Royal Commission call heard after four more SA women die

State Minister for Women Katrine Hildyard stood on the Parliament House steps this morning to say the government will consider a Royal Commission into violence against women – after four women were killed in one week, allegedly at the hands of men they knew.

Nov 24, 2023, updated Nov 24, 2023
Deirdre Flynn from Catherine House calls for support of a Royal Commission into men's violence against women. Photo: Tony Lewis

Deirdre Flynn from Catherine House calls for support of a Royal Commission into men's violence against women. Photo: Tony Lewis

Hundreds of women and men gathered at the North Terrace rally to back calls for an urgent meeting between Embolden – the state’s peak body for family, domestic and sexual violence – with Premier Peter Malinauskas and for the establishment of a Royal Commission.

Minister for Women and the Prevention of Domestic and Family Violence Katrine Hildyard committed to meeting with the sector when the Premier returns from paternity leave after the birth of his son George.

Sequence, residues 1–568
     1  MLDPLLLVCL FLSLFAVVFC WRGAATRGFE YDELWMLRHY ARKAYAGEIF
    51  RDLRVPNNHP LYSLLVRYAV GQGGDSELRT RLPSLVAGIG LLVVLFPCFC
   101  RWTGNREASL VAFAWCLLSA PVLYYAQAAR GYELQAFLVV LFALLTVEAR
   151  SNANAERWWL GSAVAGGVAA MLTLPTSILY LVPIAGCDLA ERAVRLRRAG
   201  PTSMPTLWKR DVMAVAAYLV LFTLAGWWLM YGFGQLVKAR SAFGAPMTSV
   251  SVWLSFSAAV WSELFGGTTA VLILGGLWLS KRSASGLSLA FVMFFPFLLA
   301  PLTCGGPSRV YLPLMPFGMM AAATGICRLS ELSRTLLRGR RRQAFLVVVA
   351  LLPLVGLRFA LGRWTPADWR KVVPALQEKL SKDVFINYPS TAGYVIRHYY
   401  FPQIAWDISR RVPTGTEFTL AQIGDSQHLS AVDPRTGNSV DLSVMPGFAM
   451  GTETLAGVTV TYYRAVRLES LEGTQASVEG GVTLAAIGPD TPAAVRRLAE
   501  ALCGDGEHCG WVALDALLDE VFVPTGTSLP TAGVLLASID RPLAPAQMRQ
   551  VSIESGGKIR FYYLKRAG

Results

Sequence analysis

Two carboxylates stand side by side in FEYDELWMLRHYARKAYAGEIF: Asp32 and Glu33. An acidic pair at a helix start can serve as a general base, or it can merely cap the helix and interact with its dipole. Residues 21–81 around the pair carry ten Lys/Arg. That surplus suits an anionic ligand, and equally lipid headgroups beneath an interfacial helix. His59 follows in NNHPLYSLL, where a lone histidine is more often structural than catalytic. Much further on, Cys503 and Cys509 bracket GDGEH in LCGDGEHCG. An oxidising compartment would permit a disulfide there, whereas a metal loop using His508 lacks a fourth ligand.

She said the State Government was already taking action and would introduce new laws to criminalise coercive control early next year.

“We are considering a Royal Commission but what we are also considering is what we can do in the short term,” Hildyard said.

In the past week, four women have been allegedly murdered by men they knew in South Australia.

Jodie Jewell was shot dead by her estranged husband Kevin Jewell on Tuesday, with his body found on Yorke Peninsula yesterday.

Three other women have been allegedly killed by a man known to them: at Felixstow on November 15, near Port Augusta on November 16, and in Morphett Vale on November 19. Three men have been charged with murder.

“To the loved ones of these four women who have been horrifically, tragically (allegedly) murdered, can I express my condolences and my commitment that we will take action,” Hildyard said.

“We need men to stop harming women.”

Minister Katrine Hildyard says the government will consider a Royal Commission. Photo: Tony Lewis